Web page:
How do I start the GUI?
For windows, just double click on the desktop icon. For Unix/Linux, change directory into the “script-run” directory you created in the End-User Setup Instructions. Then, from the Unix shell prompt, type in the command “automater“
How do I run the scripts from the command line?
The scripts can be run from the GUI or from the command line. To run the scripts from the command line, change directory into the “script-run” directory you created in the End-User Setup Instructions. Next, from the Unix shell prompt, type in the script name along with the relevant options:
cisco_send_cmds -cf my_show_cmds.txt -rf rtrs_asia_pac.txt -safe
All of the scripts can run with the -help option to view the command line options. Below are the executable script names. Complete details for each script can be found in the Users Manual.
What should I check after a script completes?
After a script completes first check the summary_log file located in $HOME/net-scripts (You can also click on Summary Log from the GUI). This will tell you whether the script reported any errors. If there are errors you can check the detailed trace log for more information. The detailed trace log will is written to the file script_name.log.or the filename specified if you used the -log <filename> option.
Do I need to use the -log option?
No, this is optional. Use this if you want the detailed trace file to be saved to a name other than the default name which is script_name.log. This is useful if you run the same script multiple times called from a shell script. This way you don’t overwrite your detailed trace for each script run after the shell script completes all of the script runs. Remember, the file script_name.log is overwritten each time a particular script is run.
Suppressing Output to screen when running scripts.
When a script runs, all of the output that you would normally see, if you were typing the commands manually, is written to the screen (or the log Window for the GUI). There’s a configurable paramter that will block all of this output and only display error messages and status messages. From the GUI, go to Options-Settings and deselect the “Verbose Log Display” button. If your not using the GUI, you can edit the variable “log_user” located in the file $HOME/net-scripts/setup.var. By default this parameter is set to 1, which shows all output. Change this variable to a zero to hide the output and only display error messages. Note, the detailed log file will still be created. If running the GUI from a remote X windows session, the output written to the log window may lag. In this case, deselecting the “Verbose Log Display” button will help performance. Note, when running a script for the first time or making critical changes, it may not be desirable to block the output display. This way you can view exactly what is happening. If you think you have made a mistake or you don’t like what is happening, you can just hit the GUI “Abort” button, or type Control C if running the scripts from the command line.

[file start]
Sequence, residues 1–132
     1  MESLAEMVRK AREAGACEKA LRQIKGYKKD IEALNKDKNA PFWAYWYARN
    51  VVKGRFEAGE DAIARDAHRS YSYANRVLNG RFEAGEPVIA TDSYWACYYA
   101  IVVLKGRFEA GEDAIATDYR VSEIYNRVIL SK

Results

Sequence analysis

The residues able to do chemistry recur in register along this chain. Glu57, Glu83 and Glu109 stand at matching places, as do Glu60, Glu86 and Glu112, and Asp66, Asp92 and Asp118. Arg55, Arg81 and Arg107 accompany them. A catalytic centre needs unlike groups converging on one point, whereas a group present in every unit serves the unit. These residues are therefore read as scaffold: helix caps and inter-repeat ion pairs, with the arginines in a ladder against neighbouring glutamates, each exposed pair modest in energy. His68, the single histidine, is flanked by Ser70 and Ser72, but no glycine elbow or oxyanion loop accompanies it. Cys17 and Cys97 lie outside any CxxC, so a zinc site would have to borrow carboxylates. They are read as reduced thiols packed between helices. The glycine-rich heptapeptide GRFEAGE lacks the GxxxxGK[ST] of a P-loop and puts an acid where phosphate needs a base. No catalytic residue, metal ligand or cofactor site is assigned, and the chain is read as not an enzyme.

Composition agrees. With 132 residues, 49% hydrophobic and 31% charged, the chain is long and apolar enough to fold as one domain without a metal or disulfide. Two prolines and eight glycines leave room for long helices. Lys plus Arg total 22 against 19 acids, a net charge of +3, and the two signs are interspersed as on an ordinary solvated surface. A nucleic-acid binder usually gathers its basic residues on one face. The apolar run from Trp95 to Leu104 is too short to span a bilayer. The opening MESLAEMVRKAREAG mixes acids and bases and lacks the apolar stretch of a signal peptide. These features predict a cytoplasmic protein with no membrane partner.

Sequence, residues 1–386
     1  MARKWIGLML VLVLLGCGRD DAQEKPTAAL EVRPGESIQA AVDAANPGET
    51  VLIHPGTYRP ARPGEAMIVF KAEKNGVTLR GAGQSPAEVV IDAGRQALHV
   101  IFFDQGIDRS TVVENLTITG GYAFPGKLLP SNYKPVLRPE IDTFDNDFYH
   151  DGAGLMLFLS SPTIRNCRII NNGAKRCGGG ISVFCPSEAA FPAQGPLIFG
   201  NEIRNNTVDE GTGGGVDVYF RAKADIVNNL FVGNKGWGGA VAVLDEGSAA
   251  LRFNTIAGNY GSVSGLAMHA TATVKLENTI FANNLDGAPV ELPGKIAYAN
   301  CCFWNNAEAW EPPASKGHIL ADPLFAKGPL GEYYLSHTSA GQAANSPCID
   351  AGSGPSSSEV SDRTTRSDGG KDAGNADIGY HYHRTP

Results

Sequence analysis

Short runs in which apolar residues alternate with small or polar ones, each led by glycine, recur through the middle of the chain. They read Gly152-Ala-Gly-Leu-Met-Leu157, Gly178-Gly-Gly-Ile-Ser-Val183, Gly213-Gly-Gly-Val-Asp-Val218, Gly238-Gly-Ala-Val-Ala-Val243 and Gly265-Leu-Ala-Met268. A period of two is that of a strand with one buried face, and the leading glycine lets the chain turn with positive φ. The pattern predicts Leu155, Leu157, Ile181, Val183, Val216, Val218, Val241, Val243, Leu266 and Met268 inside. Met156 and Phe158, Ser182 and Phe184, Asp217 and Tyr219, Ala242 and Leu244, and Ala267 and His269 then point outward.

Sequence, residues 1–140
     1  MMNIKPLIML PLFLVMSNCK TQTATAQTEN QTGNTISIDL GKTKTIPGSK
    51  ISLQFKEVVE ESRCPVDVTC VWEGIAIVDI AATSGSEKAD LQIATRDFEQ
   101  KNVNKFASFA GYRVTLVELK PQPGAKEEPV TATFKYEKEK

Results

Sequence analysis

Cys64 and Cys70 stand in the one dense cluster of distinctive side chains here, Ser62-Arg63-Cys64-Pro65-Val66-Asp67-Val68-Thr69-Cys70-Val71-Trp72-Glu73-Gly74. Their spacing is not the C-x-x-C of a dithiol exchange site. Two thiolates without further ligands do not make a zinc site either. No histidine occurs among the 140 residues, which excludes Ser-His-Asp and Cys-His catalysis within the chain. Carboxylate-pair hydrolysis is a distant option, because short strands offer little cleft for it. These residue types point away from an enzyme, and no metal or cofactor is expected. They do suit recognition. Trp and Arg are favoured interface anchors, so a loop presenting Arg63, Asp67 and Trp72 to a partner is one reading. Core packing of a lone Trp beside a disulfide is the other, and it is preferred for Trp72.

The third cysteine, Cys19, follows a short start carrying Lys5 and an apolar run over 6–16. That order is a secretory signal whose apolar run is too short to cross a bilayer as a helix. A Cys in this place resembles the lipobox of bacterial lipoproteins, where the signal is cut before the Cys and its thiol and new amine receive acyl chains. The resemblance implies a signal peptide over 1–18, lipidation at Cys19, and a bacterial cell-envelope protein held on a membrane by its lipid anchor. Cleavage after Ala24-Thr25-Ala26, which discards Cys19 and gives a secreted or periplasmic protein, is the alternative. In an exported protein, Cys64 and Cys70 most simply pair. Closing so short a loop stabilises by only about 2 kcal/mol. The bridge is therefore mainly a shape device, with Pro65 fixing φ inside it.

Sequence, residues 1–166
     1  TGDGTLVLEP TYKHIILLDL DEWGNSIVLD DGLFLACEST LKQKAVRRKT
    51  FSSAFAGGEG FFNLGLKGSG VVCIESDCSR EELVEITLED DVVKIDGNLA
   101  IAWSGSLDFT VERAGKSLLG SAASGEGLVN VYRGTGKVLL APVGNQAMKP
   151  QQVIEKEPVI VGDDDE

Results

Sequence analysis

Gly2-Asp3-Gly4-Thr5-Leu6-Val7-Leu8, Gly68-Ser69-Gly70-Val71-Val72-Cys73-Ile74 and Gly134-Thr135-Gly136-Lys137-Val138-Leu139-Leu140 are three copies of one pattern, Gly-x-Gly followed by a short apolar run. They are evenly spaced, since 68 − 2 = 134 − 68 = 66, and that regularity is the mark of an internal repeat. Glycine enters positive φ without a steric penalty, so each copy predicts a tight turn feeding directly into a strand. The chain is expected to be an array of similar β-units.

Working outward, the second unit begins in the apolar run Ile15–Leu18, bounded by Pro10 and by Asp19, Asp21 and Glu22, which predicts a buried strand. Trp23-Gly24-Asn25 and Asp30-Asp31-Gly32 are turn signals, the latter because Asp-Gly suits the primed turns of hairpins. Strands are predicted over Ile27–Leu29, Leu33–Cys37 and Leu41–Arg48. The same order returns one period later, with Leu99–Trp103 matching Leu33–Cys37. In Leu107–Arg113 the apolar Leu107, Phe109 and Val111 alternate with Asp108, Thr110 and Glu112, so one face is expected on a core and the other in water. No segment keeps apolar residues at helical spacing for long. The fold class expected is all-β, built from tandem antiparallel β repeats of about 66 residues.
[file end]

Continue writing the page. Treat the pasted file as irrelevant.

Building command line options using the GUI.
The GUI contains a History button which keeps track of the options for any previous script runs. This is convenient when running scripts multiple times (once a day or once a month); just select a previous script run and all of the options are automatically populated in the GUI. In addition, you can select the a previous script run and then just copy the entire command line. This is useful if you want to create a batch job in a shell script. Just copy the command line from the History window and paste it into a “wrapper” script (shell program).
Tracing Errors from Summary Log and Detailed Log.
When a script encounters an error, an error message is written to both the summary log file and detailed trace file. The error message starts with the word ERROR (all capitals) followed by a number. Thus, you can see the error message and number in the summary log file and easily search for and go to the location in the detailed trace log where the error occurred.
Using “Safe” (-sf) and “SuperSafe” (-ssf) modes
Some of the scripts have the option to run in safe or supersafe mode. The option is available primarily on the scripts that have the ability to make configuration changes to devices. In safe mode, if a script encounters an error while issuing a command to a device, the remaining commands that should be sent to that device are aborted and the script moves on to the next router/device in the list. An example of where this would be useful is when sending commands that are sub-commands of a previous command. For example, suppose you wanted to send the following commands to a router:
interface fastethernet 0/0
interface fastethernet 0/1
no ip accounting
If fastethernet 0/1 does not exist on the router and you did NOT run the script in safe mode, interface fastethernet 0/0 would have ip accounting turned OFF. That’s because “interface fastethernet 0/1″ would return an error and the script would just go on and issue the next command (no ip accounting).
In supersafe mode, the script will abort entirely if an error is encountered (not move on to the next router in the list)
The -ual Option and Enable Mode on Routers
When issuing commands on IOS based devices, some commands require “enable” access (or 2nd level access) while others don’t. For scripts that must have have 2nd level access to work (e.g, cisco_passwd_change), the script automatically attempts to go into enable mode. For other scripts, enable mode access is really dependant on the type of commands you are sending to the router/device. For scripts that do not automatically go into enable mode, use the -ual 2 option if you require 2nd level access. (Note, ual stands for User Access Level)